“No, I mean it,” she said. “You’re the only one who’s obvious, Cohen. That’s an easy one, but the others?”
Louis chuckled to himself, patting his wife’s leg. “She does this on every trip. You should have seen her at The Vatican.”
Just looking at Louis, you could tell the nature of his and Candace’s relationship. She was the wild one, and he, with his balanced smile and everyman haircut and clothes, was her rock.
Candace pointed to an older woman named Audrey, a creamy blonde who looked of Norwegian descent.
“I mean, clearly she’s not a Jew, but there have to be more than three of us. Right?”
And just like that, it was the first day of camp. The first day of first grade. You make one friend, and you don’t leave her side. Candace was now officially my best friend, even though she’d just asked if my name was “Emily”.
In the afternoon, I rode behind her, squinting to make out the back of her helmet. I was feeling pretty good about keeping up with Candace until she told me she’d recently broken her ankle and it was still swollen.
The next day, the weather turned unseasonably cold, a thin frost covering everything, making the roads very dicey. Breathing, panting actually, as I peddled up an eight mile hill, I exhaled what looked like a fine mist of talcum powder. Since I didn’t prepare for cold weather, I was wearing all the clothes I’d brought at once: two tee-shirts and two sweatshirts under a Patagonia fleece; green thermal tights under my long, padded shorts; a lavender bandana tied around my head under my helmet, and gloves. Today we were visiting Lake Louise, which had the most beautiful water I’d ever seen, a glamorous turquoise poised against all the surrounding mountains, some transcendent in pine green, and others, all granite except for a little white of fresh snow. It was at Lake Louise that I had the humbling experience of meeting someone whose dog was in better shape than I’d ever be.
This was all told to me as I reclined on a large boulder, wondering, after the morning’s ride, if I’d ever walk again.
At dinner, I was seated across from Ted, a man in his fifties who was also traveling alone. He was a genuine loner, I thought, unlike me. I was faking it for the time being. He didn’t need to make friends or fit in. He was happy leaving well before the group every morning and even happier never to speak to any of us. Ted had a fine stubble of hair that looked like glitter along his scalp and a businesslike stare when he addressed you. He didn’t say much until the conversation turned to bicycle trips he had taken before.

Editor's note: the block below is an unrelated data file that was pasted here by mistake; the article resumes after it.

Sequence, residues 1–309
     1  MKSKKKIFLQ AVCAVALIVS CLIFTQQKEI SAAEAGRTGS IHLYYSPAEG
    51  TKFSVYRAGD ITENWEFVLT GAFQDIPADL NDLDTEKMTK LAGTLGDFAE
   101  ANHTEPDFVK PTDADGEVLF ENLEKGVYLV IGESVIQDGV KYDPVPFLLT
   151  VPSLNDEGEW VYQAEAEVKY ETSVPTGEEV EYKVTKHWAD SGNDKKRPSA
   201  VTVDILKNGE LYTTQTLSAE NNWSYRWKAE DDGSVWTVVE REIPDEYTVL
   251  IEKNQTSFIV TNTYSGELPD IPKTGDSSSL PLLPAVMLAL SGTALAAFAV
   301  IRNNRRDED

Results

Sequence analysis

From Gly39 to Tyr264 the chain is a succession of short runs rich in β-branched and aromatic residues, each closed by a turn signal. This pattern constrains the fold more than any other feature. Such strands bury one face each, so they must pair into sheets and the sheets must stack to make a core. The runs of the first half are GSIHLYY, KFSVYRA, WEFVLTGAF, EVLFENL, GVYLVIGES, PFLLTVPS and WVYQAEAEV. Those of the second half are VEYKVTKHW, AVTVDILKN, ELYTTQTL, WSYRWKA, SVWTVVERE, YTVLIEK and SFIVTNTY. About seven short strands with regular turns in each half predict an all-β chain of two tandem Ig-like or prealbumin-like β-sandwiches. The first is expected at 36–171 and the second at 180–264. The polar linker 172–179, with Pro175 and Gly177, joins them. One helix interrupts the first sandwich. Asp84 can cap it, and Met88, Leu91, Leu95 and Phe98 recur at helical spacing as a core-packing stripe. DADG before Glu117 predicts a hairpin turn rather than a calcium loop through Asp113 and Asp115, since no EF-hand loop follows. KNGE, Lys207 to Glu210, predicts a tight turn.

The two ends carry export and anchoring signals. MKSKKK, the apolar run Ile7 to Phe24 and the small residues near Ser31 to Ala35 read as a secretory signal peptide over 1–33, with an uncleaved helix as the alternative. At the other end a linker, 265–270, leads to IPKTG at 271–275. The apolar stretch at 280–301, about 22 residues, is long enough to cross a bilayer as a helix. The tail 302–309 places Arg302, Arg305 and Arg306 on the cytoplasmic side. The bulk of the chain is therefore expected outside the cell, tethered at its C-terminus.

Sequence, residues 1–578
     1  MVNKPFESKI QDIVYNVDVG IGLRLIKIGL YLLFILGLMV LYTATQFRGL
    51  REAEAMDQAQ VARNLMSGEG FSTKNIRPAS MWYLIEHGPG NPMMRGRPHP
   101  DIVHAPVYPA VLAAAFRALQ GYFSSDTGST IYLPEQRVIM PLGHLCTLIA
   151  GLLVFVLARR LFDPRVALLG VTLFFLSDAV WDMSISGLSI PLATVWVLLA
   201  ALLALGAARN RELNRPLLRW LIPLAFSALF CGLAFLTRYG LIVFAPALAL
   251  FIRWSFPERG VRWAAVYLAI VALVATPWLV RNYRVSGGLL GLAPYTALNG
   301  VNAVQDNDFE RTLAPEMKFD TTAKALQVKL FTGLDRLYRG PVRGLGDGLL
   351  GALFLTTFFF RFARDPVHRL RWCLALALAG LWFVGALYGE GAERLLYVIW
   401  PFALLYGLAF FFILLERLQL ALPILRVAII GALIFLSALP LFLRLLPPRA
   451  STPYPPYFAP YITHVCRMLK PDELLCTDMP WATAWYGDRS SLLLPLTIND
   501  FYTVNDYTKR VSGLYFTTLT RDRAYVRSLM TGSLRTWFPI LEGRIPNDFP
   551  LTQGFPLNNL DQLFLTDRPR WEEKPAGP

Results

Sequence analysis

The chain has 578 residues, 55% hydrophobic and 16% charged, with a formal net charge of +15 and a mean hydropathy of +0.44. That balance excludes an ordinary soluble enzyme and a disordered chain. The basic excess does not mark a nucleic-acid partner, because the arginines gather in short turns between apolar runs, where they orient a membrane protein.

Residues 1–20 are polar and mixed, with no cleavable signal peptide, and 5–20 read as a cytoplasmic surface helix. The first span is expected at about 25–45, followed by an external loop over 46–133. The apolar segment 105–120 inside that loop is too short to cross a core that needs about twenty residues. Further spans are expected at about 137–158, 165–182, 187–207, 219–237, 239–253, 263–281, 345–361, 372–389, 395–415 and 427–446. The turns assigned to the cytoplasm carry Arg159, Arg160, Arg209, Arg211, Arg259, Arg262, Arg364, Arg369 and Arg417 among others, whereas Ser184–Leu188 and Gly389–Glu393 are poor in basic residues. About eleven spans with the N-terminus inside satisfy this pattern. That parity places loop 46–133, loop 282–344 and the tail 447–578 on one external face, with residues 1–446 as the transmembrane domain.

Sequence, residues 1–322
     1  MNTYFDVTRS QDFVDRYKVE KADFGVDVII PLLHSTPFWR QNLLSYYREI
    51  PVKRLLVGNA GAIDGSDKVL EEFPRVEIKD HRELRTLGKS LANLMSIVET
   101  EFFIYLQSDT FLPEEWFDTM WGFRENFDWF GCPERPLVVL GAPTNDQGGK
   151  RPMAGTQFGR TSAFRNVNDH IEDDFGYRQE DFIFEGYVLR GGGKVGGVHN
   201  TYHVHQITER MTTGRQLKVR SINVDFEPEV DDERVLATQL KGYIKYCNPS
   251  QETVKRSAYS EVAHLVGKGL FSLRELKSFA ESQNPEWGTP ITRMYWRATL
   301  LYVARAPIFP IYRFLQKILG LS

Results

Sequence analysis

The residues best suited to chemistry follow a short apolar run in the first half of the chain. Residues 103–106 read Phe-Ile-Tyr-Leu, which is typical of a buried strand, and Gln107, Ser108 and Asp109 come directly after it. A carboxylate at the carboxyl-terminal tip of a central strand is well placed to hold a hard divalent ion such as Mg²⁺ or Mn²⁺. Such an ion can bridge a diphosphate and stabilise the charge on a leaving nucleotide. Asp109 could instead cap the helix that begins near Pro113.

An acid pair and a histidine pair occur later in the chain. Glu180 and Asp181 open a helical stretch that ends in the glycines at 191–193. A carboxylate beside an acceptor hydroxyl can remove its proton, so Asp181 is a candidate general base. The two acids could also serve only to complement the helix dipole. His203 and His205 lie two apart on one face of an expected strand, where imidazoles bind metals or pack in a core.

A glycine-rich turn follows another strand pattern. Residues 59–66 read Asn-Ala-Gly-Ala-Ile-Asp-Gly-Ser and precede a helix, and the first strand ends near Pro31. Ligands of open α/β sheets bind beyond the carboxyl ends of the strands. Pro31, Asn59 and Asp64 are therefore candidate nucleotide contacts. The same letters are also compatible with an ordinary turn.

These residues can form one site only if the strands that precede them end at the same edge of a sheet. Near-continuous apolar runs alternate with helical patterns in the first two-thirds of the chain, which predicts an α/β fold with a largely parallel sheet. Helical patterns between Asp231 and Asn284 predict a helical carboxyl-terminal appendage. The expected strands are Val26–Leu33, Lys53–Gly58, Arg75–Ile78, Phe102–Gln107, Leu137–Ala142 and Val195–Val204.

“Every trip I’ve been on someone lands in the hospital,” he announced, slicing into his venison. “In Tuscany, this gal flipped over the handlebars and when we flew back to America, no one was sure if she was permanently paralyzed or not. And when I was in Belize, this fella had a heart attack. And in Africa someone got this fungus. At first, they thought it might be a version of the flesh eating virus.”
Candace nudged me. “He’s a barrel of laughs.”
Tonight, Candace was wearing a white smock over a loose, flowered dress. She told me it was a cheese maker’s smock, which she had purchased in Paris. Looking at it, I was reminded of one of my favorite quotes, by the 19th century food writer Jean Anthelme Brillat Savarin, who said, “a meal without cheese is like a beautiful woman with only one eye.”
“But then the fungus started to blister,” Ted continued.
“P.S., Kate and Rodney,” Candace said, referring to a bubbly, athletic couple from Newton, Massachusetts. “Jewish. They told me at lunch.”
Ted then announced that he was off to bed. He wanted to get up before dawn. After Ted left, Jenny from Chattanooga said, “Do ya think he’s gay?” She leaned forward on her elbows, resting her pale face on her fists. “Eugene doesn’t think he’s gay.”
“He’s gay,” Candace said. “I think he’s one of those men who is, but nobody thinks he is. The kind of man who constantly falls under the GAY-DAR.”
“I didn’t think Elton John was gay so you might be right,” Eugene said, reaching for the white bowl in the center of the table. “Is there an Equal packet in there?”
“What do you think?” Candace asked me.
“He could be picky,” I said. “Or shy.”
“Shy!” Jenny said. “I never think of that.”